Following the revelation that Willie Thorne is to trip the light fantastic on Strictly Come Dancing comes the news that Nigel Bond is to appear on Sky One's Premier League All Stars.

The live show, hosted by Helen Chamberlain and Ian Wright, features former Premiership stars and celebrity fans of each club competing indoors in London next week.

Nigel is a long time fan of Manchester City and lines up alongside the likes of Rodney Marsh, Nicky Summerbee and the convicted fraudster Nick Leeson.



The government are very keen that we recycle so I thought I'd post a story I wrote some seven years ago.

It was prompted by the realisation that Matthew Stevens is now 30 (it was his birthday last week).

At the 2000 World Championship, I interviewed his father, Morrell, who was proudly cheering him on as he reached the final.

Matthew was to lose 18-16 to Mark Williams from 13-7 up. Less than a year later, Morrell died.

The Crucible defeat had already knocked Matthew's confidence and his father's death contributed to a period in which he went off the rails a little.

That he hasn't won the World Championship, or more than one ranking title, given his great ability is a great surprise. Certainly when I wrote the following for the Sunday Herald in April 2000 I would have expected greater things from the Welshman...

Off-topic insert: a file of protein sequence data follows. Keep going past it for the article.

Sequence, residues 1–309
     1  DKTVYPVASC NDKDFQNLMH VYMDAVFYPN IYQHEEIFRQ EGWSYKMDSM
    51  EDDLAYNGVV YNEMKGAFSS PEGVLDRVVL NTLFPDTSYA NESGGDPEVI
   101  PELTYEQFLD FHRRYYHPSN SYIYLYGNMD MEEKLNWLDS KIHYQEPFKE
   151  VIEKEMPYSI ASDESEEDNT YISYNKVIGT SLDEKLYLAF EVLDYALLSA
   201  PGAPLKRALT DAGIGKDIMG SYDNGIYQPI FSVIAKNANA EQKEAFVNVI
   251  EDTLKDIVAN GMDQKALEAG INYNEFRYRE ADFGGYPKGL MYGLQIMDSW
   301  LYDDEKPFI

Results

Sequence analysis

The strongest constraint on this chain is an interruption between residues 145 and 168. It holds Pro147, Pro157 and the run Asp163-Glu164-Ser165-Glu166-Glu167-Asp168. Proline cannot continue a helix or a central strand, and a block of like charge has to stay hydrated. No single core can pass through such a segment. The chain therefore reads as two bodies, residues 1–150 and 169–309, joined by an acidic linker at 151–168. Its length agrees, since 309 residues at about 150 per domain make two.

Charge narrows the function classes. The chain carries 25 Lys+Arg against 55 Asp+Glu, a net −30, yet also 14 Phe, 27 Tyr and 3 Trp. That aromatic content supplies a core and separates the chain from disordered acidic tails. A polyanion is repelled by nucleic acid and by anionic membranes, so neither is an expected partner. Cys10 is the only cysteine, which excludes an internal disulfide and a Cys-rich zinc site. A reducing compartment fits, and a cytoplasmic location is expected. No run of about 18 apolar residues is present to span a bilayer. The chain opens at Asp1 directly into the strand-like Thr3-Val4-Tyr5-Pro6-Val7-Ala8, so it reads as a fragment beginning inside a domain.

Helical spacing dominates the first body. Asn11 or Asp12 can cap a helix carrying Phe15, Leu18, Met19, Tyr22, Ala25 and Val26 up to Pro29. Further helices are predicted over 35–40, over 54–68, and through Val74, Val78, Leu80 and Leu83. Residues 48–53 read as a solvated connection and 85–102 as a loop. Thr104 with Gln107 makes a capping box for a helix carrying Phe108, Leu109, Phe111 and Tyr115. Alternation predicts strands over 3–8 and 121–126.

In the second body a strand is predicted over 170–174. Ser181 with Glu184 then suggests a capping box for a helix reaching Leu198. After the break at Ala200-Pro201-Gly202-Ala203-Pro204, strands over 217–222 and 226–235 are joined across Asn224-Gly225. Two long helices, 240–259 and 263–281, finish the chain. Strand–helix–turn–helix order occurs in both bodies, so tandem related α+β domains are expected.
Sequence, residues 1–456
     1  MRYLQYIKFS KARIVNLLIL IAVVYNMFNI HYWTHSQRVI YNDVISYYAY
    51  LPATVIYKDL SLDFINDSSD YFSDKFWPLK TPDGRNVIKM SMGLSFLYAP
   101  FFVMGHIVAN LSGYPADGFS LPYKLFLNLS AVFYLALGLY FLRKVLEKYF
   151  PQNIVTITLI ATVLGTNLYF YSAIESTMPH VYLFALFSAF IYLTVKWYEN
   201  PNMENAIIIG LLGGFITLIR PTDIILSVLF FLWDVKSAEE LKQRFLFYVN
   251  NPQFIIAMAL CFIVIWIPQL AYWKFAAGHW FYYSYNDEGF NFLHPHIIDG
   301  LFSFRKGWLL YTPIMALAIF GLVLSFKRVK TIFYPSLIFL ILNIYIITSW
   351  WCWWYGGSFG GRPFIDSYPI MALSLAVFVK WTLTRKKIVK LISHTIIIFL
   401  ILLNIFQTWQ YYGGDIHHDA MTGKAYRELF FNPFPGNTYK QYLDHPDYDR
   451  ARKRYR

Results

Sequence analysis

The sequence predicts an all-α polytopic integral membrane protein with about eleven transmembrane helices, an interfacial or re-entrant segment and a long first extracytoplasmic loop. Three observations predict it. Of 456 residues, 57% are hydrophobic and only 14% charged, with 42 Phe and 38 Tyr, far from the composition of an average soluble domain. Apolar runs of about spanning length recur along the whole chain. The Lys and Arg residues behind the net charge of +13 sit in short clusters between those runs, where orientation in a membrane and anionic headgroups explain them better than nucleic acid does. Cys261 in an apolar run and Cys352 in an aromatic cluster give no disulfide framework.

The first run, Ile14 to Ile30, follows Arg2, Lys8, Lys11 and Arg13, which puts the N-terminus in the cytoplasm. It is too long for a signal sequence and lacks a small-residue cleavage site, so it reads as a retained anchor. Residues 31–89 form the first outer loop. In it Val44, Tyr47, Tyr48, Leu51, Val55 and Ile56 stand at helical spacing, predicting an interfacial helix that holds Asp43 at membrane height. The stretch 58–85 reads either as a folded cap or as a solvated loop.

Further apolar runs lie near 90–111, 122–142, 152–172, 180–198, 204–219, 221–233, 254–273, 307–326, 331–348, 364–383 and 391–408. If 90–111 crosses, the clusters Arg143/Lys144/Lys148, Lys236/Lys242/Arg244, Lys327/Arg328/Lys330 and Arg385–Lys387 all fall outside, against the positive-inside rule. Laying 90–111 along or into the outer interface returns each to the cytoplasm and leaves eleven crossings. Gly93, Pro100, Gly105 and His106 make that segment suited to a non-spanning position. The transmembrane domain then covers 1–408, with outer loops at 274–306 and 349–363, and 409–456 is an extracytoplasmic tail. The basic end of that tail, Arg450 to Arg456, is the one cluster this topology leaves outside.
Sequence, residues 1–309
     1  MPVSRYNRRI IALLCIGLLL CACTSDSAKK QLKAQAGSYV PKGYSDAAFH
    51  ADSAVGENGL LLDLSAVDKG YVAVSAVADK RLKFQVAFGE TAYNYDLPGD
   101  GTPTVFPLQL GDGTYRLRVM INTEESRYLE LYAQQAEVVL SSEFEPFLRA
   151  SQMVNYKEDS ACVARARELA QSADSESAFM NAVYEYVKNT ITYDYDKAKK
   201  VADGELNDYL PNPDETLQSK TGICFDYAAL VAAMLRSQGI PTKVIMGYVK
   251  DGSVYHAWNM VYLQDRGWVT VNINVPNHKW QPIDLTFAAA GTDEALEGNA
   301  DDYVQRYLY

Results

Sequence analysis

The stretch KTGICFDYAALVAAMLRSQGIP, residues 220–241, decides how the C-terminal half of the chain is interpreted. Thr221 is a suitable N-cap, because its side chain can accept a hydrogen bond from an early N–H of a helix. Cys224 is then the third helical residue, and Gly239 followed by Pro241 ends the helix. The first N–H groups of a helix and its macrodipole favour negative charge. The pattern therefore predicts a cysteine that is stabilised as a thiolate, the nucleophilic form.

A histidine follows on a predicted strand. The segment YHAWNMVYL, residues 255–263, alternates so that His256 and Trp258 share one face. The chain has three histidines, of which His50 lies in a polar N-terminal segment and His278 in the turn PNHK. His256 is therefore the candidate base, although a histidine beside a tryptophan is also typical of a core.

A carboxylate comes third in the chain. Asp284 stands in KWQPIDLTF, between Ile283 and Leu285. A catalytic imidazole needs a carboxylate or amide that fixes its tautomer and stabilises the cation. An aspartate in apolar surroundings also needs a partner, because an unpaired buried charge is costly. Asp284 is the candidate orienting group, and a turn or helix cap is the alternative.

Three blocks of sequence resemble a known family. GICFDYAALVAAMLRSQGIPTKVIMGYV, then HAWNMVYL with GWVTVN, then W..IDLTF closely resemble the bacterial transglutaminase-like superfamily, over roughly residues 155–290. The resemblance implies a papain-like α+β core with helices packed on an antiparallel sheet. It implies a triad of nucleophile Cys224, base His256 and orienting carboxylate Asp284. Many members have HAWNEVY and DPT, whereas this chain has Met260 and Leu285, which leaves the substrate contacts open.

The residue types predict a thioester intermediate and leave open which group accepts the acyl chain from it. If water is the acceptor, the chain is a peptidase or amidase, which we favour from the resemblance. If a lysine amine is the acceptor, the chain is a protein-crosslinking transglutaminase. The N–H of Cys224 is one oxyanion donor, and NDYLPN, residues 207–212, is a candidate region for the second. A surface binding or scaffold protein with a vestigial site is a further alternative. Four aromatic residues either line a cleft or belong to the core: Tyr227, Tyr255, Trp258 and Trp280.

Matthew Stevens defeated Joe Swail 17-12 in the £1.46 million Embassy World Championship yesterday to become the youngest finalist in the sport's premier event since Stephen Hendry won the title in 1990.

The 22 year-old appeared to be coasting to victory when he led 12- 6, saw this advantage reduced to 13-12 by the determined Northern Irishman, but played some tactically superior snooker in the final session to book his place in today's final.

"It felt more like a 17-16," a relieved Stevens said. "Joe made it very difficult for me when he came back from 12-6. He stuck in there but I managed to win under pressure. It might not have been too pretty to watch because quite a few of the frames were scrappy, but I feel on a high to have got through."

While Stevens held his nerve in the arena, he was watched backstage by anxious relatives and friends who had made the journey to Sheffield from Carmarthen, none more proud than his father Morrell.